Opinions and discussion on content management and document management by two of the biggest guys in the business. *Measured by combined weight

Syncplicity – EMC Buys Into Sync and Share

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The opinions shared here represent those of the contributor themselves and not those of their employers nor that of Big Men On Content as a whole.

This is probably the most important story about the IIG portfolio in recent memory. EMC announced today the acquisition of cloud file sync and share vendor Syncplicity. This is significant on different levels and there will be posts from many sources official and otherwise attempting to understand it all but here are a few of my early observations. (These are my opinions and not necessarily those of EMC.)

I believe this move shows that

  • EMC still believes content management is important – For the analysts and customers that fret over EMC’s resolve in the area this should serve as a message. EMC is especially adept when it comes to putting it’s money where it’s strategy is. There would be no investment at this level if the leadership did not mean what they said when was asked if the IIG portfolio was still strategic.
  • Both EMC and IIG Leadership are responding to changes in the marketplace – As one who pays close attention to the ECM market it can be quite frustrating when you recognize changes some refuse to see. Our business is rife with denial of the impact of SaaS on the content management market. There are still those who would defend the way business has always been conducted to the detriment of a company’s very existence. Customers today want the option to buy capability as a pure SaaS offering and are not willing to wait for legacy platforms to transform in either  technology or business model. No amount of denial or justifying one’s current strategy with past successes will compensate for it. We needed to acquire to lead.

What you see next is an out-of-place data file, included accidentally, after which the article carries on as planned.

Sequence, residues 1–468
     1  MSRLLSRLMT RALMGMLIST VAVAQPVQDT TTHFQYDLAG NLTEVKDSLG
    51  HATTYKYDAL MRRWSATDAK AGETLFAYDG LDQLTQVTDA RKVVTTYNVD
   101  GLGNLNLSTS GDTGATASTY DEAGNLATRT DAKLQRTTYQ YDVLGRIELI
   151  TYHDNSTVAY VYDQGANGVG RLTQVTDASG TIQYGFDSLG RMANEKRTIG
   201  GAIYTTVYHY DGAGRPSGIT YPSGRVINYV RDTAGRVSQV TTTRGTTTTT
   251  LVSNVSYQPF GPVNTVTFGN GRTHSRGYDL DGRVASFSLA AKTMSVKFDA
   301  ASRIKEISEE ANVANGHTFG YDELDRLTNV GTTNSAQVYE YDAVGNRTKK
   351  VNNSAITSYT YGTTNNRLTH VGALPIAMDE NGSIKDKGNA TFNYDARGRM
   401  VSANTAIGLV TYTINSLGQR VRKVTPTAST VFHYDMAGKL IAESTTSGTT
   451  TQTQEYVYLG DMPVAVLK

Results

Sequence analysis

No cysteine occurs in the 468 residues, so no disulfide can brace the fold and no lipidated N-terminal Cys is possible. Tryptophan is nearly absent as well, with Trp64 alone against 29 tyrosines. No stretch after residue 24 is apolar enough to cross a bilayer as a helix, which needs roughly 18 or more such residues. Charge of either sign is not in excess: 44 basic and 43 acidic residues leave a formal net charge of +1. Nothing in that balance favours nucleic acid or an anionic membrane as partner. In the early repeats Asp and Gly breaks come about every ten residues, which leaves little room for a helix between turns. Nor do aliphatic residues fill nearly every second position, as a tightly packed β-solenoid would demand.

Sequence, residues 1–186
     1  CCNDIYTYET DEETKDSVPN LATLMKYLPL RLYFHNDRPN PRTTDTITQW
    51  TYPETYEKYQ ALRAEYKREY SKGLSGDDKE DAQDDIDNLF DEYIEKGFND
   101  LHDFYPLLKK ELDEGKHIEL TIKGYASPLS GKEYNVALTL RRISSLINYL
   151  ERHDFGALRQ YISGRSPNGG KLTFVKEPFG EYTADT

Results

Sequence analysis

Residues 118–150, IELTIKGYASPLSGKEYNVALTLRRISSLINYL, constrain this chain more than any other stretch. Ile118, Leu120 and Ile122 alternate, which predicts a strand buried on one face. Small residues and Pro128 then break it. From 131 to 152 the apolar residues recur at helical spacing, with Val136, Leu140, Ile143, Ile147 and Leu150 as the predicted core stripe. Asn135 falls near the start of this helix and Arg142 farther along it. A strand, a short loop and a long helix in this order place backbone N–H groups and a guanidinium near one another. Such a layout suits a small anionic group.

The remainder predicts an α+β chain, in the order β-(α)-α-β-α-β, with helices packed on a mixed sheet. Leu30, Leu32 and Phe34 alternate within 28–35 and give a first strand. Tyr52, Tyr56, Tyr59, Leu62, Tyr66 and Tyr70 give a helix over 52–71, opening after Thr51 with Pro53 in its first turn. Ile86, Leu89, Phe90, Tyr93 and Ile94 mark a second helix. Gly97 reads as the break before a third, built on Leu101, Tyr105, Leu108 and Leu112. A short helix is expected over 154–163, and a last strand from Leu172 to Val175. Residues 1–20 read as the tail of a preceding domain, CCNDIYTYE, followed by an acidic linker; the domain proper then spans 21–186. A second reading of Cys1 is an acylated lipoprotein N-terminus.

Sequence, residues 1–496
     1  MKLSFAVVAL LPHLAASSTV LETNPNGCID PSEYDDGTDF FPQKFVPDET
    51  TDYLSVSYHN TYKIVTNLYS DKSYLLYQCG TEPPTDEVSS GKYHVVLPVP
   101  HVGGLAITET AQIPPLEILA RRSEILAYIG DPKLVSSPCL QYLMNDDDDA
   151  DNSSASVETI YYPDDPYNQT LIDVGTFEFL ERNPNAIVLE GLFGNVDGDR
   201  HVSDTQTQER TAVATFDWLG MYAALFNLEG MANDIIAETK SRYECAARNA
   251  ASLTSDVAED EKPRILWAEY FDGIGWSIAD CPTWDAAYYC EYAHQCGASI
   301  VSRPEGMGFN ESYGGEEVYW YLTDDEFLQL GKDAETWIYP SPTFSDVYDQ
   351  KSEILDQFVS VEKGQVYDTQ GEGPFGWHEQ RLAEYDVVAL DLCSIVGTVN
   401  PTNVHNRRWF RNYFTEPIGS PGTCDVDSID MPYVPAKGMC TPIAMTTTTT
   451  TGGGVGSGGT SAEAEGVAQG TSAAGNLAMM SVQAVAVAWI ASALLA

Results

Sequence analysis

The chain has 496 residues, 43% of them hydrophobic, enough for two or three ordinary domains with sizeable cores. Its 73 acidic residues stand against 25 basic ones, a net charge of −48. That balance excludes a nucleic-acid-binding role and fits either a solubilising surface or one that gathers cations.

• “SaaS vs. Traditional” is not an either/or scenario for EMC – The only companies that make the argument you can’t do both are those without the resources to do it.  The combination in the portfolio of ubiquitous access with the option to add reasonable centralized governance is a good thing. Maturing the sync and share market with Documentum class policy enforcement could accelerate adoption into security minded business areas that free range tools only dream about today.

As I learn more I will pass it on. I want to understand more about the technical side of things.(integration, archive,etc) I have played with the various clients (Mac and Android) and so far I am pleased. No doubt we will be bombarded with feature bubble charts from friend and foe alike but my initial reaction was positive. I especially like the administrative options for setting default behaviors.

At this point though I believe this is a move by EMC that was both well reasoned and aggressive and I suspect will trigger copy cat acquisitions within months. Professionally I am looking forward to learning how we can use Syncplicity ourselves and sell it through our direct and partner channels.

Finally as someone familiar with the struggles IT organizations have with opening up this capability I can say that I am hopeful this combination will bring us to the place where productivity and security of unstructured data no long have to be at odds in the enterprise.

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  1. Post-EMCWorld 2012 « dm_misc: Miscellaneous Documentum Tidbits and Information

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